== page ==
Captive Bolt killing of Deer in N.Y.

Cayuga Heights Attorney Randy Marcus publicly misrepresents history of deer killing plan from on Vimeo.

At their January 9th meeting, the trustees of Cayuga Heights took just four minutes to discuss and unanimously approve Local Law J, a controversial measure which will permit out-of-town deer-killing contractors to carry and discharge loaded firearms at undisclosed locations and times throughout the Village. Those in attendance were not only shocked by this, but also by the conduct of the meeting itself. The behavior of the mayor, the trustees, and the Village attorney demonstrated in no uncertain terms why so many people have lost all confidence in the Supron administration. The events listed below were captured on video, and also personally witnessed by numerous members of the media and dozens of concerned citizens who packed Marcham Hall to overflowing, nearly all of whom were there to express their opposition to Local Law J.

1. Board of Trustees walks out on the public
Within moments of opening the meeting, Mayor Supron temporarily shuts it down, while she and all the trustees file out of the room to hold a "private session” with the Village attorney. There is no indication of how long they will be absent, or why this must be done before members of the public are allowed to speak. The minutes tick by. Some people decide they cannot wait any longer and leave. 40 minutes elapse. Finally, the trustees emerge. No apology is offered for keeping an entire meeting hall full of people waiting for so long.

2. Citizens are blocked from expressing their concerns
Two of the 15 or so people called on to speak during “privilege of the floor” use some of their allotted time to request that the trustees relax their usual 30-minute limit for public comment in order to enable everyone who had come to speak to do so. These individuals point out that the only public hearing on Local Law J was held at 9 am on a weekday right before Christmas, a time when most of the public would find it difficult or impossible to attend, and that the trustees themselves have just made everyone wait 3/4 of an hour to be heard. Regardless, Mayor Supron decides to stick rigidly to the 30-minute time limit and swiftly moves on to the next agenda item, silencing a substantial number of people who had hoped to weigh in on this controversial measure about to be voted into law.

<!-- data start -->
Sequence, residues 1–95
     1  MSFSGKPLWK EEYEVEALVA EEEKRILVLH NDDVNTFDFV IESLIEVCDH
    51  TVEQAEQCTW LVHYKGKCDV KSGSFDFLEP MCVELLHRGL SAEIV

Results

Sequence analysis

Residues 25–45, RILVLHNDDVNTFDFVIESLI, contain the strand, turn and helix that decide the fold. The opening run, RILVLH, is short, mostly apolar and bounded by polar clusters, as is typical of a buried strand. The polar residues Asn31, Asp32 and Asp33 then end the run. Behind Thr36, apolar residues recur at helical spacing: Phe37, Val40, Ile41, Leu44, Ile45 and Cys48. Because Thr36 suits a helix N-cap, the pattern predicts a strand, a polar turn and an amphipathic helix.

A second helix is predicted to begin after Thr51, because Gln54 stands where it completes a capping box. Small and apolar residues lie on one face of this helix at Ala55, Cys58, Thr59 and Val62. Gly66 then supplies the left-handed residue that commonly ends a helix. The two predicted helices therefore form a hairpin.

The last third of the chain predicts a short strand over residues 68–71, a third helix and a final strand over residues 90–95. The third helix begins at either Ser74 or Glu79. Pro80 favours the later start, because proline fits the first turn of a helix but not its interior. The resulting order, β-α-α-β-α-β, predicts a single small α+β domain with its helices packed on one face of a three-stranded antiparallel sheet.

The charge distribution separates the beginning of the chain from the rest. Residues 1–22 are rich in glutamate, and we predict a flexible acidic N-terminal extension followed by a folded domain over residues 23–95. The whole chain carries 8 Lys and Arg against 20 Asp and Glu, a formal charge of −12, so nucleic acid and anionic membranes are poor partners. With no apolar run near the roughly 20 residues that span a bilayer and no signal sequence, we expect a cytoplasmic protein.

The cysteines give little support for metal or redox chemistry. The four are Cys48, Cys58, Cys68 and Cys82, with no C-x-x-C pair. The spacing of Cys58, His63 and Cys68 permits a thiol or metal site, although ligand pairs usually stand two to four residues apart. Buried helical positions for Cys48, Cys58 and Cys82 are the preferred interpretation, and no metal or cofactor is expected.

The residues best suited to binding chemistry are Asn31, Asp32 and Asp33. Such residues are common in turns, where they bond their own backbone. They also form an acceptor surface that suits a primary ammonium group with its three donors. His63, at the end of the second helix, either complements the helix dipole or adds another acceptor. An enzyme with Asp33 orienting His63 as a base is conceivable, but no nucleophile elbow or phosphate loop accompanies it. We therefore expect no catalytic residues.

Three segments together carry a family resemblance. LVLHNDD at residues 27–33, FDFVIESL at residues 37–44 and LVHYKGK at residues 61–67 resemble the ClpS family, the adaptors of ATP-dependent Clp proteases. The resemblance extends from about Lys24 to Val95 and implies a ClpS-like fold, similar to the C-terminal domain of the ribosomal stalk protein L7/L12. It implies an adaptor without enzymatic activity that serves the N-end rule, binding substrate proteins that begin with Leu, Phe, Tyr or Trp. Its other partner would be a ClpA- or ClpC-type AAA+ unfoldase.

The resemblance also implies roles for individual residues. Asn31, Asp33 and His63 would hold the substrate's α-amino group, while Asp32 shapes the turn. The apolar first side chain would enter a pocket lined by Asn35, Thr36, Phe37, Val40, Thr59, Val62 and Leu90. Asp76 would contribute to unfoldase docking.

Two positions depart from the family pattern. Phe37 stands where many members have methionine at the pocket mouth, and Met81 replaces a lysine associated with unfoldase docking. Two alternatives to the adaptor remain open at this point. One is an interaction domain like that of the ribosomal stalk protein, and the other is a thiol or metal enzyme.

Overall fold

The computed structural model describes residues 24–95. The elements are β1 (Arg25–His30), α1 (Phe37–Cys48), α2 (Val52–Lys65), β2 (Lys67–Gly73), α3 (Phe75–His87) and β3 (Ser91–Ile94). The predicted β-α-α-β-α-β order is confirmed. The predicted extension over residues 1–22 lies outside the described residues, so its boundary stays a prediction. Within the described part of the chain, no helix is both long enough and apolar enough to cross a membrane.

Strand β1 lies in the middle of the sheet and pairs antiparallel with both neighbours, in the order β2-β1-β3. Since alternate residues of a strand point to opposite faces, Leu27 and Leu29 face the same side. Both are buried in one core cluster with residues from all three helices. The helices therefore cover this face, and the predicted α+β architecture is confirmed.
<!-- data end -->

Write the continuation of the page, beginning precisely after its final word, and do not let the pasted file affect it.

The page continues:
3. Village Attorney makes incorrect and misleading statements about basic facts
Village Attorney Randy Marcus attempts to dismiss concerns that Local Law J is being voted on without adequate public discussion. He insists that “it’s never been a mystery, there’s not been any other alternative that’s been seriously considered up to this point in regard to the killing of the deer, other than by shooting,” and that “it was absolutely clear” in the Village’s Environmental Impact Statement (EIS) “that that was what the EIS was reviewing, the shooting of deer.” What Attorney Marcus fails to acknowledge is that Net & Bolt slaughter -- not the shooting of deer -- is what dominated the public debate during the months that the EIS was being reviewed and commented upon. Indeed, the Net & Bolt slaughter technique was referred to 77 times in the final Environmental Impact Statement, both in comments made by the public and by village representatives — more than TWICE as many times as shooting was mentioned.

In fact, Attorney Marcus's misleading claim that shooting was the only option “seriously considered” for killing deer in Cayuga Heights is contradicted by several different kinds of documentation. The letter included in the EIS from NY’s Dept. of Environmental Conservation (DEC) specifically lists the net and bolt technique as one of the options available to the Village. And Mayor Supron’s own comments from TV and radio interviews that aired during the time the EIS was being publicly debated indicated that she and her fellow trustees were actively promoting Net & Bolt as an alternative to shooting, due to safety concerns that had been raised by members of the public at hearings -- concerns that, incidentally, she and her fellow trustees have never publicly addressed.